Deal Or No Deal?

The deals come and the deals go. The deals that stick should be the ones that are supposed to make a difference. Whoever might be seen as the next great hope at whatever position will be looked at by fans as the great cure. Can they be the balm for a team that is weary and sore from so many slip-ups?

General Managers and personnel directors on every team are cautious of making a commitment to a high draft pick but at the same time the business people look for the best deal. It really comes down to the draft board score. Every team places a certain value for a certain position on the draft board.

What a lot of observers fail to realize is that in order to achieve the goal of getting the best value, you may have to trade out of your designated position. Should the score at the position the team sits in match the player available, you make the pick.

Let's look at a couple of scenarios. The Chiefs have the number three pick in the 2009 draft. Does that mean they have to pick the number three? Absolutely not. What it means is they will have the right player available scored at that position.

Say they have a highly scored tackle, quarterback or linebacker. Which do they pick? You pick the player who most closely matches your score for that position, closely matches your need and who is available. If none of the available players meet your score for that position in the draft, it's time to trade.

Often, there are many teams who have drastically different needs and may score a different position higher than your own team. Here's where planning comes into play. In order to meet the needs of your team you have to make sure you've done your homework on the available players.

What if you have more than one highly scored player available at your draft position? You should probably take your most urgent need. If you don't have an urgent need, you should take the best available athlete at that draft position. Unfortunately, some teams get into internal disputes and the result is something unexpected, which is what happened in the 2003 draft when Larry Johnson was taken 27th overall.

The Chiefs already had Priest Holmes. The need was on the other side of the ball. Head Coach Dick Vermeil had identified defense as the phase that needed the most help. Carl Peterson fell for Johnson's athleticism. A big, bruising back like LJ was the perfect backup running back behind Holmes in Peterson's thinking.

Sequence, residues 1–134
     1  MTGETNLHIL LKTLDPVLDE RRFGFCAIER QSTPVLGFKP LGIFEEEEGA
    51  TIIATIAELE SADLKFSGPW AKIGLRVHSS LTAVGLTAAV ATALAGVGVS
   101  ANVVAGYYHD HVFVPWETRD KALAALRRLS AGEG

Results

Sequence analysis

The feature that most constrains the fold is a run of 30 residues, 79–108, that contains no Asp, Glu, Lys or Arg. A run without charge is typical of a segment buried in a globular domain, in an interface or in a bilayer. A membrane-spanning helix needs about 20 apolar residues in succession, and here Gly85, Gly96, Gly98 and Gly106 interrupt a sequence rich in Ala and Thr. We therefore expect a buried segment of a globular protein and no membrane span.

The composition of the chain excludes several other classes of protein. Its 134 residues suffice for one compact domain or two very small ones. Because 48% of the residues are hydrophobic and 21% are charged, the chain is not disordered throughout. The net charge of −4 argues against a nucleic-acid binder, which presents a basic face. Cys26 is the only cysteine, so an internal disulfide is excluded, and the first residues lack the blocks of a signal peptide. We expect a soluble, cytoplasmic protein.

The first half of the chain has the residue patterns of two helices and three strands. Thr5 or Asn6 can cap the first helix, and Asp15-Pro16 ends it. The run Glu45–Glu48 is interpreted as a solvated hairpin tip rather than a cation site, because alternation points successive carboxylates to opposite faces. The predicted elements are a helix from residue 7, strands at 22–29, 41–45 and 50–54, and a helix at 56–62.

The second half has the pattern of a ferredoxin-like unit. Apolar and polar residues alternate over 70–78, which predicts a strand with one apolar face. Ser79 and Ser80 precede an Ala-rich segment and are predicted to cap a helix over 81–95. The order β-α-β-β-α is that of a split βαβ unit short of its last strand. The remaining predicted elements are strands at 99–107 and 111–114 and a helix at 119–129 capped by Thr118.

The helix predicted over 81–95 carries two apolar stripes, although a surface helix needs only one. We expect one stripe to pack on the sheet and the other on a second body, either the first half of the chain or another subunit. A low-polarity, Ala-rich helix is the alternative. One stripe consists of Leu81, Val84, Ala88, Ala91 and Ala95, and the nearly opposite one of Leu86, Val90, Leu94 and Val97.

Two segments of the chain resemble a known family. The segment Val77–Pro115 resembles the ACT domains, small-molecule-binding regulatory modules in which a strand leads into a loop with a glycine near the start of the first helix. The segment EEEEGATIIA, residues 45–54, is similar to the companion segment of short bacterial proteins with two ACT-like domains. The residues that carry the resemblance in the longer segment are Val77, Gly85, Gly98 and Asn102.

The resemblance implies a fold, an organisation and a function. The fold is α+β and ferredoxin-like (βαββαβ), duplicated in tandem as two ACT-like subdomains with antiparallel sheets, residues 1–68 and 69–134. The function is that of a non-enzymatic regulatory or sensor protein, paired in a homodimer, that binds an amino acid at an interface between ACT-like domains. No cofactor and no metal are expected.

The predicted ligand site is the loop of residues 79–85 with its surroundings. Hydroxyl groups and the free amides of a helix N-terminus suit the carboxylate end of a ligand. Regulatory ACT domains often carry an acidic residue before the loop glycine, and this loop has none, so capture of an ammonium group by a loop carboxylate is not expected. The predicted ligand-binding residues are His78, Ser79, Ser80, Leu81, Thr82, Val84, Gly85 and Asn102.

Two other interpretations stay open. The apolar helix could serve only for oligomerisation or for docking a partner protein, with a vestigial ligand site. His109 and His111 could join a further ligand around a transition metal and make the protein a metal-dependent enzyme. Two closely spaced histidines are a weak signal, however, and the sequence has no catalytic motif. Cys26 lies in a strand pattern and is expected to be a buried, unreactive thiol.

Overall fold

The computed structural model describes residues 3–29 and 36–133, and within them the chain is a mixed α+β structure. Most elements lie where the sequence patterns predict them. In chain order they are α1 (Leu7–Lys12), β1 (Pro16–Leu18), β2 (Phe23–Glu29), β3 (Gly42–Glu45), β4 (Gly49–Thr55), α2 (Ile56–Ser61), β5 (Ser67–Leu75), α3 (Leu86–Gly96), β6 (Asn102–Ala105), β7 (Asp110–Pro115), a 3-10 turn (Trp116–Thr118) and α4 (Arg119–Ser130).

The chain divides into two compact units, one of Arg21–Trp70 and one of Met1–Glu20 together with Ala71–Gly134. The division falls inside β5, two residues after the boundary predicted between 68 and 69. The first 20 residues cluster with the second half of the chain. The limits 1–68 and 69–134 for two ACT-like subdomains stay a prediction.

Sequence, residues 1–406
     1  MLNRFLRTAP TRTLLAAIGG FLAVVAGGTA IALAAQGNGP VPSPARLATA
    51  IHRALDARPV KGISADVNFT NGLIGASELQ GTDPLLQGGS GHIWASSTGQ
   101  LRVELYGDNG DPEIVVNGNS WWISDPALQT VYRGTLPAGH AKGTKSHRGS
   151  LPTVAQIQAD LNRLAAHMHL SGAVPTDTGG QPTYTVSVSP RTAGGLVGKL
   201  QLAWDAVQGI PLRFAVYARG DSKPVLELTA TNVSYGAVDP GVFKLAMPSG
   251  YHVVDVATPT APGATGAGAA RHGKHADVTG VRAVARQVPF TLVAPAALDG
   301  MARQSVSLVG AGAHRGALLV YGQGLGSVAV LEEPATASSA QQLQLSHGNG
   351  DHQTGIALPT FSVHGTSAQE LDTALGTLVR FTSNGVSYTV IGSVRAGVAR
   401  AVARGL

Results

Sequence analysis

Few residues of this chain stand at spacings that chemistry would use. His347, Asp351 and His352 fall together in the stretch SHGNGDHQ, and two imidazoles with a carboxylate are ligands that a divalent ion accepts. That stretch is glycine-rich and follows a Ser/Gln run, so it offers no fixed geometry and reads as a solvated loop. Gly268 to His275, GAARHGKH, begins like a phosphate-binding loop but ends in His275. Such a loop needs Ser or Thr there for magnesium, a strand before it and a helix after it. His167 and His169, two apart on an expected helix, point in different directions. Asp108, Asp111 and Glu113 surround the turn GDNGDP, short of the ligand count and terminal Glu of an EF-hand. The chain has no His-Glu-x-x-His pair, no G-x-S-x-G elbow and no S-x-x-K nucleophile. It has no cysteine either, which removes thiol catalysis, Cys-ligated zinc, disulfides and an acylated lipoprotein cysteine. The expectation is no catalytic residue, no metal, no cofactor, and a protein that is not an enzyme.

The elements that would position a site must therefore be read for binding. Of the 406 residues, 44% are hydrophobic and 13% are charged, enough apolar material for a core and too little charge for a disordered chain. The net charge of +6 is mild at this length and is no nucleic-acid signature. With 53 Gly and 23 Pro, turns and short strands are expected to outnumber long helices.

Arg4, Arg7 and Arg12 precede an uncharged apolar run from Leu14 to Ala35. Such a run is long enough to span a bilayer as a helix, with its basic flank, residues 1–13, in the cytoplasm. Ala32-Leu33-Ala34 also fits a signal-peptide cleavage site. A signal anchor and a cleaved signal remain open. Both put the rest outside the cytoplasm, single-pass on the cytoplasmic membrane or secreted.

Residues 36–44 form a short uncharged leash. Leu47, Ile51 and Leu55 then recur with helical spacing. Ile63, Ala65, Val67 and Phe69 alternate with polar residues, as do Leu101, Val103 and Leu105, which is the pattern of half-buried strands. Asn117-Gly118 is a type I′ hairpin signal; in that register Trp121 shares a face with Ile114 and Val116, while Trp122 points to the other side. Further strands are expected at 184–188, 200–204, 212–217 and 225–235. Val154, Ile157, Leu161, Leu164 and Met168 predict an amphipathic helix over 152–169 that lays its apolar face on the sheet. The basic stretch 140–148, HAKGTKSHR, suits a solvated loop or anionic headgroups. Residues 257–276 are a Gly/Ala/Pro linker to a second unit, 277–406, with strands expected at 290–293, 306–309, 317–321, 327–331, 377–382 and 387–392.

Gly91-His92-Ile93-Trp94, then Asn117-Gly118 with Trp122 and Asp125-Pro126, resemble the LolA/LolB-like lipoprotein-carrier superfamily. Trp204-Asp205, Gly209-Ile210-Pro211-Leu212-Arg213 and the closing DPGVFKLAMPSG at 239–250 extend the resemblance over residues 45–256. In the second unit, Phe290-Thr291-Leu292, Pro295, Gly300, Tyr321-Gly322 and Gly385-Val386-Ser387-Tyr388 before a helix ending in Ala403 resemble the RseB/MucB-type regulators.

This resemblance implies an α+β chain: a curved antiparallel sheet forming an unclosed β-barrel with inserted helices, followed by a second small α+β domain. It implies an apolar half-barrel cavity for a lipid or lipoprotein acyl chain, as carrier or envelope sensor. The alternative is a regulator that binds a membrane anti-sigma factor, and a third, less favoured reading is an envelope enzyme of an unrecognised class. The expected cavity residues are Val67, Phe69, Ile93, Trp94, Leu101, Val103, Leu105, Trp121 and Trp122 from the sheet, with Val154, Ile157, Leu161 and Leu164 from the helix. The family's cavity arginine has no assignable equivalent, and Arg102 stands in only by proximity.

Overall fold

Johnson's draft score was probably high, but apparently not worth the 16th pick. The Chiefs originally had that pick and Peterson felt that Johnson would be available further down, and he might be able to also acquire extra picks. Vermeil apparently didn't have Johnson scored as highly as Peterson.

Despite Vermeil's protests, Peterson ended up trading down with Pittsburgh for the 27th overall pick in the first round (LJ), the 92nd overall pick in the third round (CB Julian Battle) and the 200th overall pick in the sixth round that they traded to the Jets. In exchange, Pittsburgh took safety Troy Polamalu 16th.

Vermeil has often stated that he wanted to take that defensive player at the 16th position, which could have helped, but the Chiefs were dealing with a defense led by Greg Robinson at the time. Even if Kansas City had taken Polamalu, it probably wouldn't have made a difference, and the safety may not have developed into the star he is today.

It comes as no surprise that even when planned out, the elixir of hope sometimes overcomes football sense and a poor decision is made. The results become poison and no amount of antidote can fix the flop. ee the curious case of Ryan Sims or even worse, Trezelle Jenkins. Both of these picks came under Peterson's watch. In slight defense of Peterson, he was responsible for Tony Gonzalez and Jared Allen. But for some valuable hits in the draft, Peterson had his share of spectacular flame-outs.

The draft is a complicated process. From the preparation standpoint, when preparing the scores of each player available and projecting their possible draft position, it becomes like playing Nostradamus. The future can't be accurately predicted but if the team performs due diligence, there's a good possibility of scoring more often than not.

The Patriots seem to have mastered that aspect of the draft game. In 2008, Scott Pioli and Bill Belichick engineered a draft day deal that lead to the acquisition of linebacker Jerod Mayo at the 10th pick in exchange for the 7th overall first-round pick the Patriots held in 2008. That pick was traded to New Orleans for the 10th overall pick (Mayo) plus the 78th overall in the third round (linebacker Shawn Crable). New Orleans also received a fifth round pick, 164th overall. The Patriots traded down and got a bonus pick.

Pioli and Belichick got a good deal with Mayo and the Saints got defensive tackle Sedrick Ellis. Mayo was named the 2008 Associated Press Defensive Rookie of the Year while leading the Patriots with 139 tackles. Ellis didn't turn in the type of stellar year that Mayo did, but this transaction showed Pioli's draft-day savvy.

Ultimately, the way in which a general manager prepares his draft board and performs his job on draft day will go a long way in determining the outcome of the following season, and likely many seasons to come. Draft well and you'll be rewarded, draft poorly and you get demolished. Peterson found out the hard way. Let's hope the Chiefs won't make the same mistakes with Pioli and Haley at the helm.

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